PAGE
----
Rather than being happy with a small flat as their first property, it seems many aspiring first-time buyers are hoping for a family-sized home instead.
Almost a third (32%) of those questioned in a survey said they would be aiming to hold out for a detached house they would stay in for the long-term.
And nearly half (49%) would consider a semi-detached home in their search, according to the Yorkshire Building Society research.
One of the main reasons for looking for a larger “forever” home was the high cost of moving up the property ladder, including stamp duty.
Traditionally, people have aimed for a larger family-sized home following several moves.
But with many people buying their first home later in life, some buyers seem to be focusing on homes which will suit their needs for longer.
Less than a quarter (24%) of aspiring first-time buyers said they would be happy to end up with a studio apartment or small flat.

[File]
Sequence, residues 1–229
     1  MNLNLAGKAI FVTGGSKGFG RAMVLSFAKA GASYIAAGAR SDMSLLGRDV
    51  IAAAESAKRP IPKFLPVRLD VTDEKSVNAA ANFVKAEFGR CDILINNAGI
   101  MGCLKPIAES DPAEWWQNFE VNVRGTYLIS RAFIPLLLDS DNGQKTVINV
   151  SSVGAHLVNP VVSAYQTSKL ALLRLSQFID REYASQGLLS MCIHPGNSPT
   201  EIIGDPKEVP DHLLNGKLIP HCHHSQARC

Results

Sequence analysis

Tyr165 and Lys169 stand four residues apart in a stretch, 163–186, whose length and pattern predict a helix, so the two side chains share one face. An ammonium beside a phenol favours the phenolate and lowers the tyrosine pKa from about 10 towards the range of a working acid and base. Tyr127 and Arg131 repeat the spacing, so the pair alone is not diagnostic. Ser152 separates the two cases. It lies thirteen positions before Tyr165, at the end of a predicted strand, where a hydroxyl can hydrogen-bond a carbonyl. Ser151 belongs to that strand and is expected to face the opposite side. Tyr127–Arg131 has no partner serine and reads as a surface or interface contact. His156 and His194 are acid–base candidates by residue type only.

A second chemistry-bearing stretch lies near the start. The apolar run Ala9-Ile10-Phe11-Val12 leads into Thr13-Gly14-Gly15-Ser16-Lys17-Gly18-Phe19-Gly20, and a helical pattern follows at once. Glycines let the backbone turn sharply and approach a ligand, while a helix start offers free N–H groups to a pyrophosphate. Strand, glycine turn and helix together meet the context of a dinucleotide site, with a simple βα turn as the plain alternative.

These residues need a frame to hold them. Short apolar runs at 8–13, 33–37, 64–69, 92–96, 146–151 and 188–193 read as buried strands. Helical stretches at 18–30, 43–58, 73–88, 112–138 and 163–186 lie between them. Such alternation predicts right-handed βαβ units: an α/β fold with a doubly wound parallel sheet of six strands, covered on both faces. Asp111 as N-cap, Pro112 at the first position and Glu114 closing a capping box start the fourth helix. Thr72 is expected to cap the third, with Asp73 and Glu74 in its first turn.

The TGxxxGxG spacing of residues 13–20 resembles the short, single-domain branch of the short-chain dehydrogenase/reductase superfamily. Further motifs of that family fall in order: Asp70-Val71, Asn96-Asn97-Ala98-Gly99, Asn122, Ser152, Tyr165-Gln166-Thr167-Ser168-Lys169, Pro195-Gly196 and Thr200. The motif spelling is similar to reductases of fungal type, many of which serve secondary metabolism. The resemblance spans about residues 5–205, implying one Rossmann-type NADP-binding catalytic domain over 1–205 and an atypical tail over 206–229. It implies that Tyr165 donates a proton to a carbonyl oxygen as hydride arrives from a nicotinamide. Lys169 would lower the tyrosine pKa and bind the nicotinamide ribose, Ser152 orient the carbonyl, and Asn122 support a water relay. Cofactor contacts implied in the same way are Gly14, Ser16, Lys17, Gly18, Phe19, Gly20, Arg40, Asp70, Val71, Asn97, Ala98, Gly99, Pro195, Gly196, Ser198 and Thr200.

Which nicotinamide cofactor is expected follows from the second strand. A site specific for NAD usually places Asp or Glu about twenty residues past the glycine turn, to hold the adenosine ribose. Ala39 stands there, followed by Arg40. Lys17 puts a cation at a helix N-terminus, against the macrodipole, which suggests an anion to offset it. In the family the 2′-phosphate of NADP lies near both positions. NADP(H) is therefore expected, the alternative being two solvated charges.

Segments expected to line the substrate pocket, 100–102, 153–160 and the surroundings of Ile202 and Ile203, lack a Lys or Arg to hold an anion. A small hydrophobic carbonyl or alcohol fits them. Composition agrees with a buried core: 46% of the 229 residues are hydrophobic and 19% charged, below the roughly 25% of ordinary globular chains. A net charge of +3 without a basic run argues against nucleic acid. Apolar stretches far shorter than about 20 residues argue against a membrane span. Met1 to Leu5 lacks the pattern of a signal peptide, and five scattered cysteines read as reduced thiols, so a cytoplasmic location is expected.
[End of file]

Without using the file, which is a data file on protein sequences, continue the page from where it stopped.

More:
Determined buyers are also prepared to spend significant periods of time saving up to get the home they want, according to the survey.
The Society’s First-Time Buyers Report found a quarter (25%) of aspiring first-time buyers estimate they will have been saving for at least five years by the time they have bought their first home.
And 10% think they will have been saving for over a decade.
Chris Irwin, senior mortgage manager at Yorkshire Building Society, said: “Rather than simply being a first step on the property ladder, it would appear first-time buyers have a clear idea of what they hope their first property will be, and are not afraid to wait to get it.
“With one in five recent buyers expecting to stay in their first home for 15 years or more, many are clearly looking for a longer-term or ‘forever’ home.”
The survey questioned more than 900 people who are expecting to buy in the next 12 months.
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Meanwhile, the Post Office and Barclays are among lenders offering 100% mortgages to first-time buyers who don’t have a deposit in a bid to get their business.
But critics of the schemes have warned it could lead to negative equity or another market collapse.